• The goal with Empathic Listening is to build a relationship or help the speaker solve a problem. There are several styles by which you can respond empathically to another person’s remarks. Each style has its advantages and disadvantages Advising Research has shown that advising is not as helpful as we may think it is. Difficult to know if the person is seeking a solution Your advice may not offer the best solution to the problem Avoids others responsibility for their own decision therefore not pining the decision on you. Most often people don’t want advice Before offering advice: Be confident that the advice is correct. Ask yourself whether the person seeking your advice seems willing to accept it. Be certain that the receiver won’t blame you if the advice doesn’t work out Deliver your advice supportively, in a face-saving manner. Judging Evaluates the sender’s thoughts or behaviors “That’s a good idea” “You’re on the Right Track” Sometimes negative judgments are purely critical “I told you!” or “You’re just feeling sorry for yourself?” Constructive criticism runs the risk of arousing defensiveness because it can threaten self—concept Judgments have the best chance of being received well when two conditions exist: The person with the problem should have requested an evaluation from you Your judgment is genuinely constructive. Analyzing The listener offers an interpretation of the speaker’s message. Analyses like these are probably familiar to you: I think what’s really bother you is . . . She’s only doing it because . . . Analyses can make something very clear, but it can also create more problems if your interpretation is not correct. When to offer analysis? Offer your interpretation in a tentative way, not as absolute fact Your analysis ought to have a reasonable chance of being correct Be sure that the other person will be receptive to your analysis Be sure that your real motive for offering an analysis is to help the other person Questioning This is one way to understand the person’s better. Questions can help clarify and examine a situation more closely. Questions can be helpful but they run the risk of confusing or distracting the person with the problem. The best questioning follows these principles: Don’t ask questions just to satisfy your curiosity Be sure your questions won’t confuse or distract the person you’re trying to help Don’t use questions to disguise your suggestions or criticism Supporting Agreement You’re right – the landlord is being unfair” Offers to help I’m here if you need me Praise I don’t care what the boss said: I thin you did a great job Reassurance The worst part is over Diversion Let’s catch a movie and get your mind off this Acknowledgement I can see that really hurts These are the most important skills a friend, teacher or parent can have. Follow these guidelines: Make sure your expression of support is sincere. Be sure the other person can accept your support Advice after a death for instance is only helpful 3% of the time – after 9/11 saying that just being there was important. Prompting Using silences and brief statement of encouragement to draw other out as a way to help them solve their own problems. Consider this example: Page 159 Where you act as a catalyst to help others make a decision. Your non-verbal behaviors – eye contact, posture, facial expression, tone of voice – mechanical prompting is likely to irritate Paraphrasing Here you reflect the thoughts and feelings being expressed. Page 159 First, paraphrasing helps the problem-holder sort out the problem. Second, it helps the problem-holder unload more of the concerns he or she has been carrying around – leading to relief. Finally, listeners who reflect the speaker’s thoughts and feelings show their involvement and concern. Factors to consider before paraphrasing: Is the problem complex enough? Do you have the necessary time and concern? Are you genuinely interested in helping the other person? Can you withhold judgment? Is your paraphrasing in proportion to other responses?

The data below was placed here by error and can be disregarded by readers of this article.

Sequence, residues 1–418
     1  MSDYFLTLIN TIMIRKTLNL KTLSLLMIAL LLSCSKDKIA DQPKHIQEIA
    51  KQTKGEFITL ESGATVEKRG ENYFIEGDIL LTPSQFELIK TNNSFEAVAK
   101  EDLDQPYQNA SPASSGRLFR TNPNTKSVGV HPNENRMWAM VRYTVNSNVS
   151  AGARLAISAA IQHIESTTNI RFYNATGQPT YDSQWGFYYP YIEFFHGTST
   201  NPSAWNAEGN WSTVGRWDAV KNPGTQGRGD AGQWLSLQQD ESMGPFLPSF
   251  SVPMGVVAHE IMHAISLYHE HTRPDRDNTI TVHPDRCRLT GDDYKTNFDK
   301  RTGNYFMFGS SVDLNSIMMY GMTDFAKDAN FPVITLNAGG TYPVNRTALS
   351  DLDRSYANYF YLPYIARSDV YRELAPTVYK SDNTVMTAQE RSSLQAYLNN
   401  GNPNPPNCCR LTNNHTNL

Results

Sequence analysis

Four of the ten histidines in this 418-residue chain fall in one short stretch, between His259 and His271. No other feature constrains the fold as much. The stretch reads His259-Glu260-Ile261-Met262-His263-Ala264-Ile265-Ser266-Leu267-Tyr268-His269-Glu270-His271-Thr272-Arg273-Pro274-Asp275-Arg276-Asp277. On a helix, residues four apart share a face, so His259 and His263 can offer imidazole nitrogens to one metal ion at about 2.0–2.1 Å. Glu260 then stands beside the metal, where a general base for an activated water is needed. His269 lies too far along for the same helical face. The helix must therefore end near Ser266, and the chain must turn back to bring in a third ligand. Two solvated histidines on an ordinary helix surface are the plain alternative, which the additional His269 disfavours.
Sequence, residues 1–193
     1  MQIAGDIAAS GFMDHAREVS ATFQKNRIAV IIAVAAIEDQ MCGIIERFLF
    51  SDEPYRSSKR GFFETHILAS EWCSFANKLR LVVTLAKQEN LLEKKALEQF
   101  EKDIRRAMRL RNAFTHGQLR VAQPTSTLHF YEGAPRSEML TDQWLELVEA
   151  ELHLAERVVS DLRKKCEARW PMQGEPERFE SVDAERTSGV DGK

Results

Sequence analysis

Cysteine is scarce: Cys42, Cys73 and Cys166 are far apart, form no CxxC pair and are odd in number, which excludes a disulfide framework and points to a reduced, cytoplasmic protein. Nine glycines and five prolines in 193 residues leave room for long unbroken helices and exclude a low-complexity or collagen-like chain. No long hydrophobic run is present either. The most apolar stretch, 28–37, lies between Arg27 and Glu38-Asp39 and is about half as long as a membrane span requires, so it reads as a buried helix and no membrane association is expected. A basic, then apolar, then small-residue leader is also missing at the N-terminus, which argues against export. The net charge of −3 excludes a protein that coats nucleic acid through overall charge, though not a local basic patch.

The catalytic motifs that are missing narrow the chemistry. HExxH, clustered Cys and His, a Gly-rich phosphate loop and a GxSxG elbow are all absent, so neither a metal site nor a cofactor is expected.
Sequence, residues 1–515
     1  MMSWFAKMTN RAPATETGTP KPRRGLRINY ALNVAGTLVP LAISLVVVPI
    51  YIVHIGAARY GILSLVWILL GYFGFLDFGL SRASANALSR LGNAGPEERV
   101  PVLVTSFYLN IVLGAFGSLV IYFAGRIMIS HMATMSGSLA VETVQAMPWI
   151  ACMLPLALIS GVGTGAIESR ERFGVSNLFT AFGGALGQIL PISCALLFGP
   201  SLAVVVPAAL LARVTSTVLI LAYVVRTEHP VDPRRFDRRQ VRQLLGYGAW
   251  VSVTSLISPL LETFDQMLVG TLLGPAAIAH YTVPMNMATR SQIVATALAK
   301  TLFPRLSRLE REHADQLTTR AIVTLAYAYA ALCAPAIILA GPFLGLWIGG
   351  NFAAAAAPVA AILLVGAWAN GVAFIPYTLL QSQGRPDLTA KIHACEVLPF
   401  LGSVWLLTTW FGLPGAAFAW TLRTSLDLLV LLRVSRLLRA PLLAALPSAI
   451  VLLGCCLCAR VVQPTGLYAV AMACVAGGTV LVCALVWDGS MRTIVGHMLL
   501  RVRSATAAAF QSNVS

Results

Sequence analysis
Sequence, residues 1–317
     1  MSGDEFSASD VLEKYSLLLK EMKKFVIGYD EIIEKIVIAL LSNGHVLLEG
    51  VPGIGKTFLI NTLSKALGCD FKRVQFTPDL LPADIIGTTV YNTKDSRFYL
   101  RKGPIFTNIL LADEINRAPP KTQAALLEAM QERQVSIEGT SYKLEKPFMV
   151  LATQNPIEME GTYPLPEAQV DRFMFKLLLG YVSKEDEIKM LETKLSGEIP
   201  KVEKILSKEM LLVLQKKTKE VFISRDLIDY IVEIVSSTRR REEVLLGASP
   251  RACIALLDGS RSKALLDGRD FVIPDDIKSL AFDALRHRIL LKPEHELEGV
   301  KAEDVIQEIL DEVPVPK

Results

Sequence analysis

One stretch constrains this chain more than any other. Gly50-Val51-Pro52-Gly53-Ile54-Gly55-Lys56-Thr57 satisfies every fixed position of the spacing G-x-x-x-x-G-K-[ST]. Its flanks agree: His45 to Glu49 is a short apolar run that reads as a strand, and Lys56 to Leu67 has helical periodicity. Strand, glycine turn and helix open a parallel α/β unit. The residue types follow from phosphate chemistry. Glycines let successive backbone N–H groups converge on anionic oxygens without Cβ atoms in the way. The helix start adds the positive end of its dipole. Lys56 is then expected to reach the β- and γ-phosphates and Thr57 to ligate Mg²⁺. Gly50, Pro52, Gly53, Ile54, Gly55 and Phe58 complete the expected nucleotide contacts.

• Chapter Four